Herbert Marcuse was the preeminent philosopher of the so-called New Left, which sought to mobilize the white intelligentsia and the black ghetto into a new proletariat. Angela Davis was one of Marcuse’s graduate students and, after pledging to violently overthrow the state, became the face of racial revolt in the West. Paulo Freire was a Brazilian Marxist whose work on turning schools into instruments of revolution became the gospel of left-wing education in America. Derrick Bell was a Harvard law professor who set the foundation for critical race theory and recruited a cadre of students who would capture elite institutions with their new racialist ideology.
During the 1970s, the most violent elements of the New Left coalition— the Weather Underground, the Black Panther Party, and Black Liberation Army—fell apart, but the spirit of their revolution carried on in a subtler but equally dangerous form. As Solzhenitsyn revealed the bankruptcy of the communist movements in the West, the most sophisticated activists and intellectuals of the New Left initiated a new strategy, the “long march through the institutions,” which brought their movement out of the streets and into the universities, schools, newsrooms, and bureaucracies. They developed intricate theories along the lines of culture, race, and identity, and silently rooted them into the entire range of America’s knowledge-making institutions.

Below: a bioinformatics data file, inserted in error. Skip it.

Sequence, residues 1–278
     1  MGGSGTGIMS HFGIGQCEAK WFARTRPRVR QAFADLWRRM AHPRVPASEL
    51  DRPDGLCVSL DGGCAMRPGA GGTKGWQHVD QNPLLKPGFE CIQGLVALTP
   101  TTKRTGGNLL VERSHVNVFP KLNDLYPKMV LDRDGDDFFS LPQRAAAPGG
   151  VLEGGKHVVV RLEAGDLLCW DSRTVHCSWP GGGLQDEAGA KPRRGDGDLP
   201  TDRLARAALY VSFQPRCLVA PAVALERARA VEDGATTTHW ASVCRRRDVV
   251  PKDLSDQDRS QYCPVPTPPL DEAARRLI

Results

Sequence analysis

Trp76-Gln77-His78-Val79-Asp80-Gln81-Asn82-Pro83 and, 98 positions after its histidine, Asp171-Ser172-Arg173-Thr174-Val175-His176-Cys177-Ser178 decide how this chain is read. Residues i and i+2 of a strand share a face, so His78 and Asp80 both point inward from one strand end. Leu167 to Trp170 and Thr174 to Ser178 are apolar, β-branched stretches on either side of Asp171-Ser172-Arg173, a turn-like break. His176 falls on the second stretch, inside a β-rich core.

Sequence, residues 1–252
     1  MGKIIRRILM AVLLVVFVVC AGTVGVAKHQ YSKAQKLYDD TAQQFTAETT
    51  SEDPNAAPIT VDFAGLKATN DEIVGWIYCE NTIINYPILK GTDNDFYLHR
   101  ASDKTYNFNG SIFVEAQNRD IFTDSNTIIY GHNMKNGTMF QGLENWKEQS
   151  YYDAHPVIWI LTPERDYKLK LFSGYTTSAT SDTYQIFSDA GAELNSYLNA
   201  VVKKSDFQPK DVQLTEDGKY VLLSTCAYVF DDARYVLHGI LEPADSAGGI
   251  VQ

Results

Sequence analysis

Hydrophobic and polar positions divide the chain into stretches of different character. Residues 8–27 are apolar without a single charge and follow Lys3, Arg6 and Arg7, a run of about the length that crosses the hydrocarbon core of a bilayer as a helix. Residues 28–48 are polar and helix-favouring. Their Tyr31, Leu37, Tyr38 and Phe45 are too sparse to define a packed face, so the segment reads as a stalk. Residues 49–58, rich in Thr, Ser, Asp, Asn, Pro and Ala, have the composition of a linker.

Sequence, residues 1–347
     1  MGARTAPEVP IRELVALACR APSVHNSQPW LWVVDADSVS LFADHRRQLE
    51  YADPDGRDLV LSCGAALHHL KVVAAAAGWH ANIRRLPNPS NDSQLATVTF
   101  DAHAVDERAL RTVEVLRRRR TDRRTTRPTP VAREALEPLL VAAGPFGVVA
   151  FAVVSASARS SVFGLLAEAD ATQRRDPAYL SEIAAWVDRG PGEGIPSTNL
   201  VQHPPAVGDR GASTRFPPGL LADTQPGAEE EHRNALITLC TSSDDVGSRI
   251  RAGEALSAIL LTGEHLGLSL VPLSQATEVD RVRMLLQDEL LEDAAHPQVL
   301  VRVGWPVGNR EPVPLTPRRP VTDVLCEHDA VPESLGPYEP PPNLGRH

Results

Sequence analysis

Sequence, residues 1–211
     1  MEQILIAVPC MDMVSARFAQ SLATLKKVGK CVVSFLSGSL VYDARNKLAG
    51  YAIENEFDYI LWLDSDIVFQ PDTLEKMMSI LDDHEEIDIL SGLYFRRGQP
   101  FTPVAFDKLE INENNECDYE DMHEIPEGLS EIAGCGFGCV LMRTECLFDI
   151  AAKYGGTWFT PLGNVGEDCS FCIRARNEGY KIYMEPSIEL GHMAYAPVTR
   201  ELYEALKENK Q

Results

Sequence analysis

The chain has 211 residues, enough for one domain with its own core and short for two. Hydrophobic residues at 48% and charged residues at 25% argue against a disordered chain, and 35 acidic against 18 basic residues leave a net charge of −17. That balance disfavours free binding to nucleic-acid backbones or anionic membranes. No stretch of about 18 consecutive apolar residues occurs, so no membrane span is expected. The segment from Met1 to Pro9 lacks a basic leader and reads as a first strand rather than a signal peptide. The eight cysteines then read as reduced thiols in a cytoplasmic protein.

Over the subsequent decades, the cultural revolution that began in 1968 transformed, almost invisibly, into a structural revolution that changed everything. The critical theories, first developed by Marcuse, Davis, Freire,and Bell, were not designed to operate as mere abstractions. They were designed as political weapons and oriented toward the acquisition of power.
Today, America’s cultural revolution has reached the endgame. The descendants of the New Left have completed their long march through the institutions and installed their ideas into school curricula, popular media, government policy, and corporate human resources programs. Their core set of principles, first formulated in the radical pamphlets of the Weather Underground and the Black Liberation Army, has been sanitized and adapted into the official ideology of America’s elite institutions, from the Ivy Leagues to the boardrooms of Walmart, Disney, Verizon, American Express, and Bank of America.
The critical theories of 1968 have turned into a substitute morality: racism is elevated into the highest principle; society is divided into a crude moral binary of “racist” and “anti-racist”; and a new bureaucratic logic is required to adjudicate guilt and redistribute wealth, power, and privilege. To enforce this new orthodoxy, left-wing activists have established departments of “diversity, equity, and inclusion” across an entire stratum of the public and private bureaucracies. Allies are rewarded with status, position, and employment. Dissenters are shamed, marginalized, and sent into moral exile.